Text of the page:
If we want to transform, if we want to change ourselves, then we need to know what we truly are so that we can begin our own personal “reformation”. The chief method of Self-Study is Self-Observation. This is a concept that must be fully understood if we are to progress in our self-knowledge. In order to understand Self-Observation, we must first understand the different states of consciousness.
The Four States of Consciousness
There are Four States of Consciousness which are described as follows:
- Sleep or Dreaming
- Physically Awake/Vigil or Day-dreaming
- Self-Consciousness/Self-Awareness or Self-Remembering
- Objective Consciousness
These four can be summarized into two:
- Subjective Consciousness (1st & 2nd States)
- and Objective Consciousness (3rd & 4th States)
Normally we spend 97% of our time in the first two states of consciousness. During the 2nd state of Consciousness, we mistakenly believe that we are aware of ourselves and what is going on. But, in reality, we are NOT IN THE PRESENT MOMENT, we are either dreaming about the past or about the future.
In order to be aware of the present moment, we have to first take that as our goal or objective. Many books have been written about “the Power of Now”, etc., and this is something which is fundamental to our transformation. We need to be here, now. Then we will start to take back the present and therefore the Future and our Destiny. The way we do this is through a technique that is called “Self-Observation”.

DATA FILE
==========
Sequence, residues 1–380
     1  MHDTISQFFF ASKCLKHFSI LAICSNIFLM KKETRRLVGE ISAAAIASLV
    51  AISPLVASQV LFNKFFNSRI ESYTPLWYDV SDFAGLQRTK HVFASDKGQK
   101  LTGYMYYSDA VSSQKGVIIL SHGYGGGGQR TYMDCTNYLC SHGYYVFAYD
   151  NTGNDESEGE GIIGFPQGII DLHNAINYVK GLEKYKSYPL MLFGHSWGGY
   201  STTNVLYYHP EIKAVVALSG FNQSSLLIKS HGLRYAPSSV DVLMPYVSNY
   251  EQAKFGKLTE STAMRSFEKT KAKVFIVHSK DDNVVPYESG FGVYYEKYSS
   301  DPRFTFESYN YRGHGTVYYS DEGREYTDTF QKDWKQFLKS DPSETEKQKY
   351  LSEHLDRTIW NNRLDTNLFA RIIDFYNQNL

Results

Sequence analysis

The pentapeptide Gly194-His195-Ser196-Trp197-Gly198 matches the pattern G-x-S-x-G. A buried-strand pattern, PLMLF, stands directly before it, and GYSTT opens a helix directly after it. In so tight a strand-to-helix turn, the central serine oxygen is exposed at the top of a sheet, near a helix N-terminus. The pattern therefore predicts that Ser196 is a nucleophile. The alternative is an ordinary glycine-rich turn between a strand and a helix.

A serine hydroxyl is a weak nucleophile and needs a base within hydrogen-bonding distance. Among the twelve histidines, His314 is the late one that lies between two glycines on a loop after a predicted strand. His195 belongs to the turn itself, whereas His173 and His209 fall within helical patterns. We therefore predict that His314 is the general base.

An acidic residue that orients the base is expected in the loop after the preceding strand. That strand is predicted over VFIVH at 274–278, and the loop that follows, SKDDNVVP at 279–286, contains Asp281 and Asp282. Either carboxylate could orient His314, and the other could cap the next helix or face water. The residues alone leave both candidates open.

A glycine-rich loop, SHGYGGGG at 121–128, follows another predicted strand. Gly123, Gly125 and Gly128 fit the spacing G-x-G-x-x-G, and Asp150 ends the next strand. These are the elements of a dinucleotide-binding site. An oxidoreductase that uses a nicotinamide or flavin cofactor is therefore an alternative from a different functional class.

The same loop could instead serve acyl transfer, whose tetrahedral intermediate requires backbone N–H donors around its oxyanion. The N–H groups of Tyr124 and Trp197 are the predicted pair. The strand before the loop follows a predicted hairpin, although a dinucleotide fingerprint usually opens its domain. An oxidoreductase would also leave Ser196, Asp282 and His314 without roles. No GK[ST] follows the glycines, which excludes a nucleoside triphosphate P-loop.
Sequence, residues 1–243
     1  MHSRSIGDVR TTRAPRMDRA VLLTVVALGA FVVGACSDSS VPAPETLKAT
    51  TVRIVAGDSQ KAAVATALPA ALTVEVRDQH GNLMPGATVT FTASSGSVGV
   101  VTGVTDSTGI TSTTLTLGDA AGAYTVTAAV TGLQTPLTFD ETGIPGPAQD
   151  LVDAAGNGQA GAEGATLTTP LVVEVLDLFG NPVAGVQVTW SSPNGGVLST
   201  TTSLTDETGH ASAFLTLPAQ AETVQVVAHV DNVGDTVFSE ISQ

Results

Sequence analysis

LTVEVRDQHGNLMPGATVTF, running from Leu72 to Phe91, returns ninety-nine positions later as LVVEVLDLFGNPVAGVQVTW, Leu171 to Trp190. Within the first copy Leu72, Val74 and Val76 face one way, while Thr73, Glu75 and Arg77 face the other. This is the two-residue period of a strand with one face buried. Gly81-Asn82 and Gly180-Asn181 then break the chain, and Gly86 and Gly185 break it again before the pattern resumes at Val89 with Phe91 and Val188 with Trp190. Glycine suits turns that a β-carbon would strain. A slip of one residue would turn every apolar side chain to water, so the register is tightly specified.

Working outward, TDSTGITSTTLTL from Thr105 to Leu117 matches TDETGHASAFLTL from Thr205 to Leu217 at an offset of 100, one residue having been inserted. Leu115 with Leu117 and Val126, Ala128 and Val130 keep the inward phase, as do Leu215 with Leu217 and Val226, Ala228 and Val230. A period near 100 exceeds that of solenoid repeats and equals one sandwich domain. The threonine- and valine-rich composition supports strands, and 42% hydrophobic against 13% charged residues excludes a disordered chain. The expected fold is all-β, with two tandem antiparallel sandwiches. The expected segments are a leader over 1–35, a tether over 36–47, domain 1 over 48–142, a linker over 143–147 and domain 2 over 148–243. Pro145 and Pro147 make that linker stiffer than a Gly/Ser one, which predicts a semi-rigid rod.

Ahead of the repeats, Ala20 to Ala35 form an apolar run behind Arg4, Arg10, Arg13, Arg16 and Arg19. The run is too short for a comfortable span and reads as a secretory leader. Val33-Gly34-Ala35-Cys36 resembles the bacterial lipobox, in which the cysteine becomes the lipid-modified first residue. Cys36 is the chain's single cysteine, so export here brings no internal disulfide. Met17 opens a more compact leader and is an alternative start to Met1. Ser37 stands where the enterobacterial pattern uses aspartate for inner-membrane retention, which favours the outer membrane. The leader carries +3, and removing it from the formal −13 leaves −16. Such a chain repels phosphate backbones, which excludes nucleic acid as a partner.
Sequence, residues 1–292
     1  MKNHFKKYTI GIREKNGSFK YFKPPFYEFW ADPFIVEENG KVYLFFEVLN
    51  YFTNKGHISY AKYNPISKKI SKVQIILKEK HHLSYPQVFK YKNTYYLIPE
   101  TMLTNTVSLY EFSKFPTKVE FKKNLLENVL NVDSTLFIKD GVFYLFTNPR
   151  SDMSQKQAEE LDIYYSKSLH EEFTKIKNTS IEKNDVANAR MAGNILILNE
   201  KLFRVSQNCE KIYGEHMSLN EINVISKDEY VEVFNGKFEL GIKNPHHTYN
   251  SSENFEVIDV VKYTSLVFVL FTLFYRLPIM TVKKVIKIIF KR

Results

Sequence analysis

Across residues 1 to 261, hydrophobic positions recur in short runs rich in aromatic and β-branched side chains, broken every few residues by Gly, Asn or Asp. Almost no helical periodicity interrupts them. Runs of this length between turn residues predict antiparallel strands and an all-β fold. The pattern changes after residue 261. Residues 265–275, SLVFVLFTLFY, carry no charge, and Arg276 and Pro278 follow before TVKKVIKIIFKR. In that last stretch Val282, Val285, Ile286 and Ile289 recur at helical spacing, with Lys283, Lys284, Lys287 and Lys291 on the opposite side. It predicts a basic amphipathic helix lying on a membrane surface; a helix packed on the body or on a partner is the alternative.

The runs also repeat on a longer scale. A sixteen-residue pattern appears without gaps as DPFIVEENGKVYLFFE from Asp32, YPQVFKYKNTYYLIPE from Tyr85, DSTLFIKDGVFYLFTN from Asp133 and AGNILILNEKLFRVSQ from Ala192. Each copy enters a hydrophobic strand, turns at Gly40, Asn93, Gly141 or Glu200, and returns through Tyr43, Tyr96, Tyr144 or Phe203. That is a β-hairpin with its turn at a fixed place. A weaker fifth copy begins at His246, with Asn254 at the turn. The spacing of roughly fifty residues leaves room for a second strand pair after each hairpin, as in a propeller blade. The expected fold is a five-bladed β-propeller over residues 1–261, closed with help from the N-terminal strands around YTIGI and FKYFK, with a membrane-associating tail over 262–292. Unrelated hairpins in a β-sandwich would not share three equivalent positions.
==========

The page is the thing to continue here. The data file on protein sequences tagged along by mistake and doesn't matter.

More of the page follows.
As we have mentioned, the chief method of self-study is self-observation. To observe ourselves implies that there is a “self” to observe and that we investigate what this “self” is. In order to move from the first 2 states of consciousness into the third state of consciousness, we must start to observe what is going on right now.
Normally when we observe something, we do so externally. For the observation of ourselves, we will do so internally. External observation is done with one or more of the 5 senses: taste, touch, smell, sight or sound. Internal observation is done through directing or attention internally, to our internal states. We must become aware of our internal states, because they are the source of our thinking and feeling.
Lets make a distinction between two things:
1. internal states, and
2. external events
States and Events
In life people often consider that their life is made up of a series of external events. But if we consider our life, our memories, the choices we made, etc., then we will see that it is impossible to separate our internal psychological state from our experience of the external physical event.
When we are irritable, then that changes how we think and feel, and we are not nice to be around:
• we become demanding
• we lack compassion
• we do thinks out of spite
• we make decisions that may affect others without considering them at all, etc.
All these things lead to a change in the external world. If we do not recognize that our life is truly made up of a series of internal states which have influenced or caused the external events to manifest, then we will never be able to work upon ourselves.